Bungie ends their partnership with Activision, keeps the rights to Destiny

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Destiny 2 (1)

Gaming’s power couple is officially over. In a new blog postt, Destiny developer Bungie revealed today that it has begun to part ways with publisher Activision, ending a partnership that began in 2010 and saw the release of Destiny, its first sequel and numerous expansions. “We have enjoyed a successful eight-year run and would like to thank Activision for their partnership on Destiny,” Bungie wrote on their site.

Looking ahead, we’re excited to announce plans for Activision to transfer publishing rights for Destiny to Bungie. With our remarkable Destiny community, we are ready to publish on our own, while Activision will increase their focus on owned IP projects. The planned transition process is already underway in its early stages, with Bungie and Activision both committed to making sure the handoff is as seamless as possible.

With Forsaken, we’ve learned, and listened, and leaned in to what we believe our players want from a great Destiny experience. Rest assured there is more of that on the way. We’ll continue to deliver on the existing Destiny roadmap, and we’re looking forward to releasing more seasonal experiences in the coming months, as well as surprising our community with some exciting announcements about what lies beyond.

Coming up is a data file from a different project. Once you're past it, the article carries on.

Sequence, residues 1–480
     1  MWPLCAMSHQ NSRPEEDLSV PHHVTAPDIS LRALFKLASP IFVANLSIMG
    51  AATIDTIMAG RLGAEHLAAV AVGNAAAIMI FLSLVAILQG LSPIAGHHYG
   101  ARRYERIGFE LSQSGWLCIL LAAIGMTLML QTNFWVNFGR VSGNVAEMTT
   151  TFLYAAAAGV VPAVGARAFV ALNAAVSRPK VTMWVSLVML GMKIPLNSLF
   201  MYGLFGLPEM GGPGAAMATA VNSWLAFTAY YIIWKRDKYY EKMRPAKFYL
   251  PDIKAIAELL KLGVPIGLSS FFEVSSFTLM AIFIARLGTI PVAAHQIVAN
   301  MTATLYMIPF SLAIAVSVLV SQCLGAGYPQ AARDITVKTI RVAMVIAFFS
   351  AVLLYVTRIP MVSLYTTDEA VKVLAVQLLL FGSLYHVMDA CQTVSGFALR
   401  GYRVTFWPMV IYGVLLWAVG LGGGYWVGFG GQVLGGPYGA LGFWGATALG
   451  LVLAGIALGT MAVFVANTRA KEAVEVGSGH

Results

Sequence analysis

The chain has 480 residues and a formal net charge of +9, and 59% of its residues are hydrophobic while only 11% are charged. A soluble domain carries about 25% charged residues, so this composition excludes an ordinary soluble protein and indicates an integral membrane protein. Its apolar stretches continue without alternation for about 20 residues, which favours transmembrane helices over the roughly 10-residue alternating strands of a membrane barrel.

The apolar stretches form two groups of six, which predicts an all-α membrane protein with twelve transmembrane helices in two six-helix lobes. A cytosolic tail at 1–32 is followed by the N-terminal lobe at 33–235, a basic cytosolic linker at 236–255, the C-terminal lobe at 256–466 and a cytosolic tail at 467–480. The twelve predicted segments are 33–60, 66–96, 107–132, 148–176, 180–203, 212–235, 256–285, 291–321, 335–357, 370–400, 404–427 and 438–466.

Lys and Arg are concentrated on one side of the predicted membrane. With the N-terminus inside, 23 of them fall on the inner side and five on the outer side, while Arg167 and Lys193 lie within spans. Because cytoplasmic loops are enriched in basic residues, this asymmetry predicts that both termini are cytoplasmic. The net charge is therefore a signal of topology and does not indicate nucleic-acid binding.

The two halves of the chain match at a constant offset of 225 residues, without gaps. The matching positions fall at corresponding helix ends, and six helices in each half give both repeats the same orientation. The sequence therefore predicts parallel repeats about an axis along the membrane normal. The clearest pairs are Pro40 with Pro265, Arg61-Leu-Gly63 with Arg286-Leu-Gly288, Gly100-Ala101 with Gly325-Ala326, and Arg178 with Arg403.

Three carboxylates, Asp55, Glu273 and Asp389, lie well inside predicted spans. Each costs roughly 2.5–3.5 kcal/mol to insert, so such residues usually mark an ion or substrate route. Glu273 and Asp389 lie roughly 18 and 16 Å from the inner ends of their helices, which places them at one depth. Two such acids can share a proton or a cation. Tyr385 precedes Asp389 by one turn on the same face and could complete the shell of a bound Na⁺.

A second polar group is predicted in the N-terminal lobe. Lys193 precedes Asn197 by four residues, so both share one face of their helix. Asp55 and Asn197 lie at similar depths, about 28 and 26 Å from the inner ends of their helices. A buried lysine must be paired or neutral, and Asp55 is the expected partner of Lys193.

So ends a partnership that had become rather tense over the last couple of years. Bungie’s plans for Destiny required lengthy development schedules, Activision wanted annual content alongside recurrent spending and finding a compromise didn’t always result in the best content that the studio was capable of.

Loved by a select group of players (Hello!), Destiny’s committed pool of Guardians was never large enough to satisfy Activision’s demands and expectations, leading to comments at investor share meetings where the publisher expressed disappointment in the brand. While Bungie continues to negotiate their Dexit from the company, Activision is going to find itself relying more and more on its primary workhorse Call of Duty as their pool of unique intellectual properties continues to shrink.

Destiny 2 (2)

Bungie and Destiny’s exit now join Skylanders, as Activision’s publishing schedule for 2019 only has Sekiro: Shadows Die Twice and the inevitable new Call of Duty pencilled in for 2019. As for Bungie, the future looks challenging but rosy. Destiny 2 will still continue to release content that was previously announced, but they’ll be crafting their own future expansions without the shadow of Activision hanging over them and they’ve got a recent $100 million investment from Chinese company NetEase to work on a non-Destiny game.

The ideal situation I reckon? Destiny 2 transitions into a platform for more content, as the current game engine is fun on a bun and more than capable of being the basis for grand new adventures. Now please ignore yesterday’s feature where I prophesied that Bungie would sell Destiny off to Activision. No such article exists.

Last Updated: January 11, 2019

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